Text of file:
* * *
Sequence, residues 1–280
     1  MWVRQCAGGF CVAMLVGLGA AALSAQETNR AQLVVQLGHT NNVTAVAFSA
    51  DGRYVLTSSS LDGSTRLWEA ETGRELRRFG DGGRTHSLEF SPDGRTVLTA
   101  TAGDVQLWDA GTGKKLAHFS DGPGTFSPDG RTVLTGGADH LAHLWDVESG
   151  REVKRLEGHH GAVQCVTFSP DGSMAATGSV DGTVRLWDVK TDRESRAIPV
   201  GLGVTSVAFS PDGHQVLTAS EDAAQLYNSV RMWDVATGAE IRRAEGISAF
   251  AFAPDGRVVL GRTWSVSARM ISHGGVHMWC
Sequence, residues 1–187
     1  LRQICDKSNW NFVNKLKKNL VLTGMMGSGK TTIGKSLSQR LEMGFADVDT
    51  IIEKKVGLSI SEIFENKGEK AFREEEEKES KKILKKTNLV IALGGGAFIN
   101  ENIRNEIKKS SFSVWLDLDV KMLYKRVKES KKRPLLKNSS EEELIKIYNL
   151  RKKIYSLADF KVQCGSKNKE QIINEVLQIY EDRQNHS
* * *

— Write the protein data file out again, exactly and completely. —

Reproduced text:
Sequence, residues 1–280
     1  MWVRQCAGGF CVAMLVGLGA AALSAQETNR AQLVVQLGHT NNVTAVAFSA
    51  DGRYVLTSSS LDGSTRLWEA ETGRELRRFG DGGRTHSLEF SPDGRTVLTA
   101  TAGDVQLWDA GTGKKLAHFS DGPGTFSPDG RTVLTGGADH LAHLWDVESG
   151  REVKRLEGHH GAVQCVTFSP DGSMAATGSV DGTVRLWDVK TDRESRAIPV
   201  GLGVTSVAFS PDGHQVLTAS EDAAQLYNSV RMWDVATGAE IRRAEGISAF
   251  AFAPDGRVVL GRTWSVSARM ISHGGVHMWC
Sequence, residues 1–187
     1  LRQICDKSNW NFVNKLKKNL VLTGMMGSGK TTIGKSLSQR LEMGFADVDT
    51  IIEKKVGLSI SEIFENKGEK AFREEEEKES KKILKKTNLV IALGGGAFIN
   101  ENIRNEIKKS SFSVWLDLDV KMLYKRVKES KKRPLLKNSS EEELIKIYNL
   151  RKKIYSLADF KVQCGSKNKE QIINEVLQIY EDRQNHS